- Universal Principles: There are numerous unspoken/unwritten rules in the design world. Rather than letting graphic designers stumble upon them, L&D leaders can provide access to online courses that highlight the universal principles that have made some of the greatest designs of our time.
- Data Intelligence: The science of graphic design isn’t just about creativity and software. It’s also about deriving valuable insights from data that will result in more effective designs. All graphic designers should have a basic understanding of how to use and visualize data when solving creative problems.
These skills and connected lessons are important for all graphic design career paths. However, they only scratch the surface of the deep library of online graphic design courses.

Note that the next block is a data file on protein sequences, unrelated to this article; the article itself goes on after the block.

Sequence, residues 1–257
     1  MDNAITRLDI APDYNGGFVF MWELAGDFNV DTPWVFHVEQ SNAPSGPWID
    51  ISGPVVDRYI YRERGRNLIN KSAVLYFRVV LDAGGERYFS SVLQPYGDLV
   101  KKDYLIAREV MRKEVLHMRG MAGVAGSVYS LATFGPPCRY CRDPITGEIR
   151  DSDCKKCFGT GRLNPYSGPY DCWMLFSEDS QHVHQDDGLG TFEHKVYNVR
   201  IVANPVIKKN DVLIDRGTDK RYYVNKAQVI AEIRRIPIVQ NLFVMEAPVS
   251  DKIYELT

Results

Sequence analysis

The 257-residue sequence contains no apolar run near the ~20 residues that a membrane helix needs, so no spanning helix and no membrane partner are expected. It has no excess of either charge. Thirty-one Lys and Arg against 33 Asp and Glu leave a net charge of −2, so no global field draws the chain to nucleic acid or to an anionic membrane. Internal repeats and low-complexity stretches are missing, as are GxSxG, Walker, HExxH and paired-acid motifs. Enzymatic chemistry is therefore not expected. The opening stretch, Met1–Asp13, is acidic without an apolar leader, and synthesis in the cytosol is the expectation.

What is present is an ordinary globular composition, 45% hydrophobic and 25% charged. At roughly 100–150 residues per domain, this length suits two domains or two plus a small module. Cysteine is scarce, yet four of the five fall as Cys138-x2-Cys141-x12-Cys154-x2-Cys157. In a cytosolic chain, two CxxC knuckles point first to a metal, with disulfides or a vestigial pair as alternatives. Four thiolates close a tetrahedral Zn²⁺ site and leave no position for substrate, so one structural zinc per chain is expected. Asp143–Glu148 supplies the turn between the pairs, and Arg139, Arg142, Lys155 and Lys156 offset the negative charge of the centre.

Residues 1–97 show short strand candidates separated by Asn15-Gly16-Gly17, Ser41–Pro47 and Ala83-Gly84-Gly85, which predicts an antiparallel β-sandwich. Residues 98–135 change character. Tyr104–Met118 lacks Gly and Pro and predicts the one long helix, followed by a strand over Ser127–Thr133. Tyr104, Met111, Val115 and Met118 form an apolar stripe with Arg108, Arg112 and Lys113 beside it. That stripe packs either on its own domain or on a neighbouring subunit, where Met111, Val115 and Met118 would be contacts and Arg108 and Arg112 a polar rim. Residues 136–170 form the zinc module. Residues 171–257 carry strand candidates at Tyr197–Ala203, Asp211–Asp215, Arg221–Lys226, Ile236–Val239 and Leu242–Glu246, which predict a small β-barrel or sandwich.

Talent development leaders who want to successfully help the workforce learn graphic design need to do more than just provide access to courses, they must also provide a focused and guided program so their teams will get the most out of their on-demand learning.
With over 24 hours of content, this learning path provides a comprehensive overview of the skills and techniques necessary to get started with graphic design. It’s great for employees looking to supplement their abilities by learning graphic design.
Creativity is something everyone in your organization can and should learn. The real problem is breaking through creative blocks to uncover great ideas. This learning path is all about helping graphic designers and non-designers alike, generate creative ideas in greater quantity and quality.
Design thinking is a core skill, but it’s also a large topic that contains many smaller concepts and techniques. This learning path builds the core skill by exploring the basic tenets of design thinking and how to put them to work.
John McWadeSenior Staff Instructor, Graphic Design, LinkedIn Learning
Von GlitschkaCreative Director at Glitschka Studios
Amy BalliettCo-Founder and CEO at Killer Infographics
Tony HarmerEducator and illustrator with 160+ certifications